This example is the very literal definition of the last mile problem.
The most beautiful workflows
One of the ways the last mile problem has manifested in my work-life has been that, even after a year and a half of using Islandora for our digital collections, we still haven’t figured out a workflow to batch-upload collections. We have added only one item to our digital collections since fall 2019.
First of all, as I said a few slides back, this is a result of disinvestment in libraries as a whole. Like many departments in our library, we’ve had a vacant position for years.
This is also a documentation problem. To get our process sorted out we’ve been hanging on every word of this 7-year-old blog post that’s only accessible through the Wayback Machine.
This is also, fundamentally, a last-mile problem. This upload process was designed assuming every institution had people with scripting expertise and, more importantly, time to design, code, and troubleshoot each bulk upload.
It feels personal. It’s not.
I am actually ashamed to admit this. I feel this failure in my body. I know that if I carved out two solid days I could probably get something working, right? It seems so fundamental! It should be simple. If I just tried harder. If I just had more time.
But this isn’t about me. This isn’t really about Islandora either. (BIG love and gratitude to the community of maintainers for Islandora. I know a lot of this is different in version 8. Again, this isn’t about Islandora.)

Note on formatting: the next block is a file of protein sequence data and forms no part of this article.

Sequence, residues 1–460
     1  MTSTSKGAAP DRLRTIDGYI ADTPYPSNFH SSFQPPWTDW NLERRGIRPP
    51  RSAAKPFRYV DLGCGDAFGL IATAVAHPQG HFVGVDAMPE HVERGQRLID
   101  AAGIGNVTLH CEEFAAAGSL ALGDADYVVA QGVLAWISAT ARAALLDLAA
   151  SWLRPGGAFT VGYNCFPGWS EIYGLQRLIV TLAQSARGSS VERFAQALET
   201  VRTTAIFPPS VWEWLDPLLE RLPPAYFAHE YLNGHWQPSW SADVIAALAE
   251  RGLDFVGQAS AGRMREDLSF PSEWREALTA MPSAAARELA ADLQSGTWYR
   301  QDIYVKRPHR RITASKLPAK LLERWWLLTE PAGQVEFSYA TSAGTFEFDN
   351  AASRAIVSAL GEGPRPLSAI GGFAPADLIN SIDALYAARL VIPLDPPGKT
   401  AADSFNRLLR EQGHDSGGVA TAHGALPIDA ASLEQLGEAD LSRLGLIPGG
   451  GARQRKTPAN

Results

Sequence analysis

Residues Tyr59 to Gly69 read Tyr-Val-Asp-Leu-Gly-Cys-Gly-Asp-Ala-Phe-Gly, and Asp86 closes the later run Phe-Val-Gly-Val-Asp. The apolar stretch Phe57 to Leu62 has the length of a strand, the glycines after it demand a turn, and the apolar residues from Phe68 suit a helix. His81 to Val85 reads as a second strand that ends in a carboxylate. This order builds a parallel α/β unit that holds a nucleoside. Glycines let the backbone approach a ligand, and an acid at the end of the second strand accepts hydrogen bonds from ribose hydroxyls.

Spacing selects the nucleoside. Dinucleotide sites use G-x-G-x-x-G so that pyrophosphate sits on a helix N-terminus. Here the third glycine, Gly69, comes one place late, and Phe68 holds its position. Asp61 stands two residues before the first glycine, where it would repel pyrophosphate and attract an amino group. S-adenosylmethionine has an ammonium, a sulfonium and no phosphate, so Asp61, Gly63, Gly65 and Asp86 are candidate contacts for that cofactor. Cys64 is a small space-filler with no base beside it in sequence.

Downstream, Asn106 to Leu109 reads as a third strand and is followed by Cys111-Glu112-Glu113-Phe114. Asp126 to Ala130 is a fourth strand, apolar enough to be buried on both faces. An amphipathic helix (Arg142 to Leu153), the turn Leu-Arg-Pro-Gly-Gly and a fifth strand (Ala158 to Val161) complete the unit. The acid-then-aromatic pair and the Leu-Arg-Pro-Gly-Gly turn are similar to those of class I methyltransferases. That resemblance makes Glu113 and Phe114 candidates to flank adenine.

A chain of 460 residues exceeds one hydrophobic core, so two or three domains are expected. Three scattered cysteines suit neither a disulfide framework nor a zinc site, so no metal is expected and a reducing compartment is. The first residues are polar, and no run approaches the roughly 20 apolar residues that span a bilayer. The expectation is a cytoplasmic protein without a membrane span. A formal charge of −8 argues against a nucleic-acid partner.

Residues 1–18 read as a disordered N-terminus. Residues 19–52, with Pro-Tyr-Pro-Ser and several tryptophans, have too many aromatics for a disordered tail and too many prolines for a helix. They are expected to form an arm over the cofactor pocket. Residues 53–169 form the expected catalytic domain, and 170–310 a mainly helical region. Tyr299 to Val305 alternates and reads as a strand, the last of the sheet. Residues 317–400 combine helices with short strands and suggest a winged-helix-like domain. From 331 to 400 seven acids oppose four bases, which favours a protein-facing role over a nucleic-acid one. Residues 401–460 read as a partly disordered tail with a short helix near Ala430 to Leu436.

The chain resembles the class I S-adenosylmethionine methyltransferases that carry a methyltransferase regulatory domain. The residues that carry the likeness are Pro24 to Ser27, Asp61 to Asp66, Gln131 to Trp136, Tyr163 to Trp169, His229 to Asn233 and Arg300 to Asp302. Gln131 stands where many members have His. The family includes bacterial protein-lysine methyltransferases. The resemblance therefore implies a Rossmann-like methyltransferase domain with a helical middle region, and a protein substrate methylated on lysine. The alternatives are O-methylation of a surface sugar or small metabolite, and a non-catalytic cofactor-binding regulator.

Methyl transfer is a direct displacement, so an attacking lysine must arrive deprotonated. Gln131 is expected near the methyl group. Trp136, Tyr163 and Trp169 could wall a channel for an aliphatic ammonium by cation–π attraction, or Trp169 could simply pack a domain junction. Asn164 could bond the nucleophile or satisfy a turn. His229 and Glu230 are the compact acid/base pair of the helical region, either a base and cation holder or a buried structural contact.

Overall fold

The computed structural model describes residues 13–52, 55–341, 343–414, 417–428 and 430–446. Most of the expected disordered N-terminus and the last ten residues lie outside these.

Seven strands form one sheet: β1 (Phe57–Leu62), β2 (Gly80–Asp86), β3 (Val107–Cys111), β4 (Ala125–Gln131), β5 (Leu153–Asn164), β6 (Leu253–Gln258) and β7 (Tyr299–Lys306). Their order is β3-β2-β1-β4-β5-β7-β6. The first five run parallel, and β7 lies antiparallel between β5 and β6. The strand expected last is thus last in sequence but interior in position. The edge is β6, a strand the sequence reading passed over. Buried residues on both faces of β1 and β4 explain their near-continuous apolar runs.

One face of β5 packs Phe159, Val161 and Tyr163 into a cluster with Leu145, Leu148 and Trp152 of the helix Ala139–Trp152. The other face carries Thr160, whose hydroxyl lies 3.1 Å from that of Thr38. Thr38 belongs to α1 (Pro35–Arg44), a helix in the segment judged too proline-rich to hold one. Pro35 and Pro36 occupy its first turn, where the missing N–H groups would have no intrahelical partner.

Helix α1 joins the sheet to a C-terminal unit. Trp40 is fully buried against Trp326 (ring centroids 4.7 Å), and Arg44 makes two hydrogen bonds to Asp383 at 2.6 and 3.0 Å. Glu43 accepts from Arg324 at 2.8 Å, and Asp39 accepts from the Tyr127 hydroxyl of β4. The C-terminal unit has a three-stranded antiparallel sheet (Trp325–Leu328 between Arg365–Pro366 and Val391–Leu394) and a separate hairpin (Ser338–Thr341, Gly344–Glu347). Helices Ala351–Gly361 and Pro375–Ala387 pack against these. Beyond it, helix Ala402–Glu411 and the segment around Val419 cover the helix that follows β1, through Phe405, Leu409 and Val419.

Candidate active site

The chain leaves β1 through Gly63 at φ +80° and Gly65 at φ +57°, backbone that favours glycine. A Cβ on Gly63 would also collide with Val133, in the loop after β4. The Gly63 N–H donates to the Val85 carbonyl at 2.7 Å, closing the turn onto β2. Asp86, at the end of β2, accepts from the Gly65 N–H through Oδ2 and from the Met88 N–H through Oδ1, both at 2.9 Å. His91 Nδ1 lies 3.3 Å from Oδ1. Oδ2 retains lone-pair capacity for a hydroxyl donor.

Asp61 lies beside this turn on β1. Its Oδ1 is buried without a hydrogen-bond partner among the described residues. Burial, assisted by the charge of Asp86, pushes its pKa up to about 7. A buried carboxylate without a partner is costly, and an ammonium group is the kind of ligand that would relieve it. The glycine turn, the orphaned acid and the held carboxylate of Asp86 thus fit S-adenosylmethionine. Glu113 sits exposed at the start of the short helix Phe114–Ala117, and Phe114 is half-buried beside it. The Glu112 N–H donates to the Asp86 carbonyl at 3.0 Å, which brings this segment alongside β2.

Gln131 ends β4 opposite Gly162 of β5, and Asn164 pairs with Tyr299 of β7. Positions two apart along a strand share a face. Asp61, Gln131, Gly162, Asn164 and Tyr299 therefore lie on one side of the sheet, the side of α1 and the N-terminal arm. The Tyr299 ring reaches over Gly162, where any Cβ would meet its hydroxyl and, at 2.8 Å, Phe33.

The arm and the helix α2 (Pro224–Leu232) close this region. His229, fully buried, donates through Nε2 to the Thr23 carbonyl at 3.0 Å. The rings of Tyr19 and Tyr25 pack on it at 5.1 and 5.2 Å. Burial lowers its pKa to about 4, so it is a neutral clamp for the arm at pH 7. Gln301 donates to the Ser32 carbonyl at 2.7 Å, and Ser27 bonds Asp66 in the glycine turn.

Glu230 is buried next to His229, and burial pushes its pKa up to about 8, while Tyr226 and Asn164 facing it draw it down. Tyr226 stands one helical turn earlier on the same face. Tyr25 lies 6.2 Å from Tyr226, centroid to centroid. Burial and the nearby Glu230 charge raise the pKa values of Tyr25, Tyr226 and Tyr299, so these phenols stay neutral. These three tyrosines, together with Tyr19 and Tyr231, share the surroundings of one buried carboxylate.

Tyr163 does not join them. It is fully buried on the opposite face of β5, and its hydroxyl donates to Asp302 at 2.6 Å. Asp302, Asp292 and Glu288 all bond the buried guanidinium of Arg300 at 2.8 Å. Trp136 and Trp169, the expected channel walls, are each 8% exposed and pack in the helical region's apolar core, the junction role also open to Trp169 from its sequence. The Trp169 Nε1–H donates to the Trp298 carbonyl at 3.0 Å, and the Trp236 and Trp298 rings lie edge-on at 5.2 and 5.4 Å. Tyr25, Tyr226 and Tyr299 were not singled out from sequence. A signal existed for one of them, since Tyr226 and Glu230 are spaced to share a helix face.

This is about beautiful bus stops that only a few people in good circumstances can use. We can and must design more usable things for each other.
Planning for the most
- Design for the margins
- Design for use
- Assume nothing
- Collaborate & de-silo
- Define innovation as a social process rather than a technical one
So I ask you to think of this. How can we adjust the angle of our vision? To set our sights on each other instead of the distant horizon of another cutting-edge revolutionary technology that’ll solve all our problems?
What if instead of thinking of this as “planning for the worst” we see it instead as “planning for the most”? Because most of us are pressed for time, for money, for the brain cells to rub together to create new workflows.
By designing for needs of institutions that have fewer resources, we can design for everybody. Because the center is NOT holding. The dividing line between have- and have-not institutions is only getting stronger, with fewer in between.
Cultural heritage organizations must continue to become interdependent with each other as time goes along. Consortial, collectively-held platforms and communities are the way we need to go. Code4Lib itself is a model of how this can work. We can make this work!
So consider this an invitation.
Let’s keep building the future we need, together.
This talk was inspired by all of my amazing colleagues doing library tech and digital collections work, and by the book Design Justice by Sasha Costanza-Chock. Thank you to Drew Heles at LYRASIS who reached out last year about this presentation and inspired me to post it.
When I gave this talk in March 2021, I got some feedback that it was too gloomy. After 13 years in the field, and well over a year after giving this talk, I stick by it. My takeaway is actually not gloomy at all; it’s hopeful. I believe we can have proactive new visions for the future instead of waiting for things to improve. No way out but through, no way through but together.
In the time since this talk I have left libraries and moved to a new city. My (former) institution is currently hiring a digital collections librarian.
Thanks again for reading.